This is placing pressure for new housing on rural areas, especially in southern England, and damaging the “urban renaissance”. Superimposed on the pattern of internal migration is international migration, which adds substantially to the population each year, especially in London. If meeting the future housing needs and demands implied by these trends is a problem, so are the alternatives. Should the government step in to change the stimuli to migration, and if so, how? How quickly and on what scale could changes be achieved?
At present, there is not even an official forum for discussing migration, let alone agreement on what should be done. This report arises from a seminar organised by the Joseph Rowntree Foundation in September 1999 to discuss migration. It shows broadly who is migrating, where from and where to. It identifies some of the consequences for the housing market and the need for affordable housing provision, for the receiving areas and the losing areas, for employment and for regional development. It asks whether migration should be viewed as a problem and, if so, what the options might be for ‘doing something’. Above all, it offers an interpretation of the current evidence on migration rather than a ‘solution’.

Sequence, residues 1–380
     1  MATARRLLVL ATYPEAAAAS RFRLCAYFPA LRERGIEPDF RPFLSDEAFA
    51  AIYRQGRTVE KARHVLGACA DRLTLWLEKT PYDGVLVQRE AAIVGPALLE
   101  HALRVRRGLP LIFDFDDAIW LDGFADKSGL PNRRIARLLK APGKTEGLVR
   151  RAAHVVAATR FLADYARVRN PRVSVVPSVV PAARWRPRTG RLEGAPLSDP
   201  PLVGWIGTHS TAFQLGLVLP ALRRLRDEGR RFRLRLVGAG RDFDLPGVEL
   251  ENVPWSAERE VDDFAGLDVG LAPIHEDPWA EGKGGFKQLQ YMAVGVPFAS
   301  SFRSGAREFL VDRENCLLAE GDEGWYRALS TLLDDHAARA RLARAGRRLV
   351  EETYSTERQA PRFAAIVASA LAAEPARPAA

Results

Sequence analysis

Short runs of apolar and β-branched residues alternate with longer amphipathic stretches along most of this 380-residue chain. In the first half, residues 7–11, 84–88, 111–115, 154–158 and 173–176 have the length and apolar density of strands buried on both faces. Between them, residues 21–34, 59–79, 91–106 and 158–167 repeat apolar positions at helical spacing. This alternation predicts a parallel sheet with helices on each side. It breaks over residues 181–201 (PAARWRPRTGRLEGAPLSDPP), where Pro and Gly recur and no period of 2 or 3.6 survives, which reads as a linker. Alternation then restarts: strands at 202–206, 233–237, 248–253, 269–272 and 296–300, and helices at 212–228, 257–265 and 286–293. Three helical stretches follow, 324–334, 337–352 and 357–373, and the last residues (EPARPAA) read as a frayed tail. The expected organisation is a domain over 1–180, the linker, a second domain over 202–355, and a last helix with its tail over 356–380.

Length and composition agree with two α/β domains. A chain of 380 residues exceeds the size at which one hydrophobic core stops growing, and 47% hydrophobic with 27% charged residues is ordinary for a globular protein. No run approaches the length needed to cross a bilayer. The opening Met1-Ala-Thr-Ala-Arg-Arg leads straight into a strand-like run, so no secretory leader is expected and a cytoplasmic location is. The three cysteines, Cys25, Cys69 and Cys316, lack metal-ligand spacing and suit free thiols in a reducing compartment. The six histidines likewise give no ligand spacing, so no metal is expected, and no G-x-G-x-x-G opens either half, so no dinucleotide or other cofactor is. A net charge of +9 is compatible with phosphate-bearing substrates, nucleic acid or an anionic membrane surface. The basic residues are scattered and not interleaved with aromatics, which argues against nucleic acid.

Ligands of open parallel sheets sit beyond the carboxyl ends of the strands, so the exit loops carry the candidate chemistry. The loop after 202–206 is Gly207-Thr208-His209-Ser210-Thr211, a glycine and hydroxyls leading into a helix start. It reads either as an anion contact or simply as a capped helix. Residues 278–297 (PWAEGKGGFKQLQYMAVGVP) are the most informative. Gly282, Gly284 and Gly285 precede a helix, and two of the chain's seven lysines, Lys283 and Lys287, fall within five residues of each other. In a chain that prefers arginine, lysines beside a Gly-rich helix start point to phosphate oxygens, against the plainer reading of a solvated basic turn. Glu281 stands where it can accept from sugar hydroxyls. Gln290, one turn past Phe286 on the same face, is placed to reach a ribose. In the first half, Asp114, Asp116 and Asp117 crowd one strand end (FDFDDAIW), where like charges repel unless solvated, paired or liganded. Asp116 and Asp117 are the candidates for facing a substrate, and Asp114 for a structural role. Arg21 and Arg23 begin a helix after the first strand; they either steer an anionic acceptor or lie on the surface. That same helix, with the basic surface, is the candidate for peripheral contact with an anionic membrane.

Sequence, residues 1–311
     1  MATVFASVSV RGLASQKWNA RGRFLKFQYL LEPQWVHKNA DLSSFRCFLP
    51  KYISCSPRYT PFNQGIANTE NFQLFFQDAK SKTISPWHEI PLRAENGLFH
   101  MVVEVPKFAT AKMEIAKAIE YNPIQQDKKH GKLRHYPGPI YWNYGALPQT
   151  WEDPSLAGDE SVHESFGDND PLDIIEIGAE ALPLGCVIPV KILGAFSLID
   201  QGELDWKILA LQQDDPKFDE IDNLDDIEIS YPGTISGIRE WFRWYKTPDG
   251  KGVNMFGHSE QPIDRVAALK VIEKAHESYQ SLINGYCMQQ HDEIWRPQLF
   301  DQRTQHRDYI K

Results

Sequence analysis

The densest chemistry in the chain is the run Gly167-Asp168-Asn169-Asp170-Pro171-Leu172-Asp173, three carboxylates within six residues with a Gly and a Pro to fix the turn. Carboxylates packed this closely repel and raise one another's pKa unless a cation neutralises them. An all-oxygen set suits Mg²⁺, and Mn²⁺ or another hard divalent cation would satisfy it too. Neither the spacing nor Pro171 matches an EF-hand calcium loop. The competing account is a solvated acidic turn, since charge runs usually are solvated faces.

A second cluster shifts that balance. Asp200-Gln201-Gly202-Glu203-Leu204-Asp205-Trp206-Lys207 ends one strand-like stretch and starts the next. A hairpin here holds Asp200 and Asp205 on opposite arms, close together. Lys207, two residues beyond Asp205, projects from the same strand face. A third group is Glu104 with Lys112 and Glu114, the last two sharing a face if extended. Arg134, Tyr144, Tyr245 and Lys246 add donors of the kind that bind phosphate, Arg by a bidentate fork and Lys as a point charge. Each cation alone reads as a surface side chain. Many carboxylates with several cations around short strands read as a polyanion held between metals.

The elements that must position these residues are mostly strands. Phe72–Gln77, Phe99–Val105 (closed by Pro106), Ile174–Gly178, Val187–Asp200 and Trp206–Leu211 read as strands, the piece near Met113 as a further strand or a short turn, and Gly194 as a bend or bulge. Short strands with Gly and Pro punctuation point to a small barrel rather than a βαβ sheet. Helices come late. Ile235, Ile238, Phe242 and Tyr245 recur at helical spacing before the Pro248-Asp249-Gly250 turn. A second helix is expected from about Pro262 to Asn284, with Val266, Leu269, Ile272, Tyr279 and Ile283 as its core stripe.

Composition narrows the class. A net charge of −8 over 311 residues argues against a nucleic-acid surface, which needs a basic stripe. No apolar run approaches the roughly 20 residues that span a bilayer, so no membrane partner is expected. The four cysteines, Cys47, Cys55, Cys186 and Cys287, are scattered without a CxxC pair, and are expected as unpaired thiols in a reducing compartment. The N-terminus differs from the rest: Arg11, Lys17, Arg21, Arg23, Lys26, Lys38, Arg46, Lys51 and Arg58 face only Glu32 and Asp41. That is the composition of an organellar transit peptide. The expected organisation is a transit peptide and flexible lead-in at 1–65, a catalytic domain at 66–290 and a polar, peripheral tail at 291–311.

The report includes all the papers presented to the seminar, together with an overview and commentaries arising from the discussion on the day. It offers an accessible introduction to an issue of rising importance for housing supply, economic planning, urban renewal and sustainable development.